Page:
“Pistol grip pump on my lap at all times…” ~ Rage Against The Machine
If you tell a toddler, “Don’t slam the door,”
their only option is to follow the command.
Do, first, to figure out how to undo.
Of course, their primary obedience
elicits annoyance and frustration on both
sides. How much clearer to say,
“Please close the door gently!”
Ah, the life lessons a toddler offers.
Today, I shared an insight
from my own healing to my family
of origin, and sneers and jeers
ensued — an invitation to descend
into the nightmare of my childhood
where black was declared white
and every step was perilous.
I refused to go there.
Instead very clearly said, “Then don’t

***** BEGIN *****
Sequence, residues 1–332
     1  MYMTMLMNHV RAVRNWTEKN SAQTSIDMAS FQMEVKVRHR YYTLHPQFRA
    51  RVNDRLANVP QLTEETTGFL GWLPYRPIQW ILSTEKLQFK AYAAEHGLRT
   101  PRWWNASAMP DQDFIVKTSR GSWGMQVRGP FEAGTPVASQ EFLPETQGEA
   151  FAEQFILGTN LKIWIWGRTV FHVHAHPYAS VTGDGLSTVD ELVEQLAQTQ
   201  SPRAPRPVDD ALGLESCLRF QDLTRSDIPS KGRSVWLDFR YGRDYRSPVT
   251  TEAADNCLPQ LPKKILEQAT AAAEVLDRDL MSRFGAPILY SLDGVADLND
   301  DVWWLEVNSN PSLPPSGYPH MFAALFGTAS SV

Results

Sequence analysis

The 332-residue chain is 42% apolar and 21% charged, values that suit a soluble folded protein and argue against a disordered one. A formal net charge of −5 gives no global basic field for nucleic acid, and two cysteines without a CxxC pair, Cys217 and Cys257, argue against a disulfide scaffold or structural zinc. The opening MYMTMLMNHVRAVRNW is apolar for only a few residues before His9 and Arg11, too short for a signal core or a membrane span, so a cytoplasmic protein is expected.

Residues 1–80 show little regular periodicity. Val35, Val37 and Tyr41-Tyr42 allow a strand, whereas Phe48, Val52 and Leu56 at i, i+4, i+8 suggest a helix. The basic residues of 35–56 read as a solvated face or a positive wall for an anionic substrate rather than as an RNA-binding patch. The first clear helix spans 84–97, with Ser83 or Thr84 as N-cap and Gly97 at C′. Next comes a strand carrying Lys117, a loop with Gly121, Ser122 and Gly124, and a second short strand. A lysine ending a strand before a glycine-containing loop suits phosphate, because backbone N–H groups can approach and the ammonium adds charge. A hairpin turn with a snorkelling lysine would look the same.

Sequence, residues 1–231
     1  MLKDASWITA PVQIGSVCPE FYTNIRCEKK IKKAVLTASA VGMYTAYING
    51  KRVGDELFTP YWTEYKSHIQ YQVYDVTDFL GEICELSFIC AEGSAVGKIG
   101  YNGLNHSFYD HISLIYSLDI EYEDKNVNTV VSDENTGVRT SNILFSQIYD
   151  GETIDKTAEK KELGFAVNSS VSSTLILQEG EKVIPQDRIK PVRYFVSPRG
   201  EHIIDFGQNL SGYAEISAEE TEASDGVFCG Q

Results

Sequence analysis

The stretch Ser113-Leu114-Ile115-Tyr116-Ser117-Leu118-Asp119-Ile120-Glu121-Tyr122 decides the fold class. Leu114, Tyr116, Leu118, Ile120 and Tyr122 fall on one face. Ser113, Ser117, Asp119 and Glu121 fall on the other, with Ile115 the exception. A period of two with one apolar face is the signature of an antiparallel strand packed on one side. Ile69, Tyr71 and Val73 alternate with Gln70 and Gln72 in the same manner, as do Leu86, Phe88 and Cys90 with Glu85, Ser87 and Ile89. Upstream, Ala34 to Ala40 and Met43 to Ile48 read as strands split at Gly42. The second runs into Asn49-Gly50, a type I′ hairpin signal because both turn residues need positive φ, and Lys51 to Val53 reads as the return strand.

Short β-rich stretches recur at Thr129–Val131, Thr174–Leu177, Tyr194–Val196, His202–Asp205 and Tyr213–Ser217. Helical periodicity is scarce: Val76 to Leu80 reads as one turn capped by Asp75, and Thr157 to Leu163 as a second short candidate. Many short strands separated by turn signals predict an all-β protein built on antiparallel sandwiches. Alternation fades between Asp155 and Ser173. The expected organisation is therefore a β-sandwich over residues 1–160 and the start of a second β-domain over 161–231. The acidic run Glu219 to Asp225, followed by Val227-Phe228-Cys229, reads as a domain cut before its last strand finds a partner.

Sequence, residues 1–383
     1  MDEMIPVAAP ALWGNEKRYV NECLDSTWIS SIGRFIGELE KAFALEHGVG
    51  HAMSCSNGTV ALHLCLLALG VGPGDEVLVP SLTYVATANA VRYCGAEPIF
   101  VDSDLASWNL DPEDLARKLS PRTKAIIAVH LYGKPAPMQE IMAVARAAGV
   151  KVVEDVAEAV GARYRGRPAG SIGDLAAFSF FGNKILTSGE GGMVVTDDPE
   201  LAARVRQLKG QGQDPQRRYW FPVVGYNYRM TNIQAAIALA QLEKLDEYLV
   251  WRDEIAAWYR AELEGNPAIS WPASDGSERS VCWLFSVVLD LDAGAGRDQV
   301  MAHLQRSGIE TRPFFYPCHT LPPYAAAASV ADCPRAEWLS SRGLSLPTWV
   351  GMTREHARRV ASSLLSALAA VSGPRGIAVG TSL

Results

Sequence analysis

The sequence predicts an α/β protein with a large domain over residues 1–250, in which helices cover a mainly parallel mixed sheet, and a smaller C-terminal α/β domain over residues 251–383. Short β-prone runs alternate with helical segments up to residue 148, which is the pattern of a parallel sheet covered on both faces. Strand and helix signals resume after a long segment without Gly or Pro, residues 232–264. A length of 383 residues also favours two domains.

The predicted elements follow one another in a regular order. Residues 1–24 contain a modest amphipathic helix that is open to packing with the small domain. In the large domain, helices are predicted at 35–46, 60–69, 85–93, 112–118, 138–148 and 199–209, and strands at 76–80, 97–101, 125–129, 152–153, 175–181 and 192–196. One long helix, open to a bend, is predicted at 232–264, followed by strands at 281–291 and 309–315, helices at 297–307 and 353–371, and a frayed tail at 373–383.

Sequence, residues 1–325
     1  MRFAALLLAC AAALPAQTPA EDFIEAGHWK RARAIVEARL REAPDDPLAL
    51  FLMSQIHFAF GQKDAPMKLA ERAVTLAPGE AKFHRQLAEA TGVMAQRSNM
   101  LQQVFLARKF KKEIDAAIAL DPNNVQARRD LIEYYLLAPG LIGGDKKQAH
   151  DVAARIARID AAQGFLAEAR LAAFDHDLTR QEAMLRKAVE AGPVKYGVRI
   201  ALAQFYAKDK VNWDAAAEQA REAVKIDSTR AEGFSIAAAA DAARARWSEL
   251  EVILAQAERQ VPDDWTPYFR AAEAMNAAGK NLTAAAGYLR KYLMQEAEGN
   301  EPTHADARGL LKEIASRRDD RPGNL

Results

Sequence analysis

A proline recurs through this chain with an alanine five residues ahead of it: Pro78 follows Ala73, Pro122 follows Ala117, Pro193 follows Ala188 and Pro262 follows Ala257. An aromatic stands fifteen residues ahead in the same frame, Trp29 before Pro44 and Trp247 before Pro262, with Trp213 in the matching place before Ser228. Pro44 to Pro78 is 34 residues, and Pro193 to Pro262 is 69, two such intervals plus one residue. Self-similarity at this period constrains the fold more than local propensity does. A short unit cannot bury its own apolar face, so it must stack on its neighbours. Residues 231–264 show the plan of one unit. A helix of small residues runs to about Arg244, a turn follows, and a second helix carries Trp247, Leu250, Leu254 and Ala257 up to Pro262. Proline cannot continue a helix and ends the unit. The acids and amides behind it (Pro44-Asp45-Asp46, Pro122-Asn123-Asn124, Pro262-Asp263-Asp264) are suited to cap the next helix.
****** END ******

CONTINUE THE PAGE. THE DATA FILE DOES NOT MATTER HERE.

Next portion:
investigate this technique!”
since I had inadvertently triggered
a two-year-old child parading about
in an adult’s body. Of course, establishing
a boundary is only step one.
I sat and contemplated the tight
feeling of grief in my lungs,
such a familiar pain that I’ve dragged
from the past, so heavy that it blocks
my ability to be here now.
Breathing in to the spaciousness
that is deep within even the most
contracted places of myself,
loving the trigger and the response
and this quiet place where I can observe
the intricate dance of my aliveness,
and honor my own masquerade.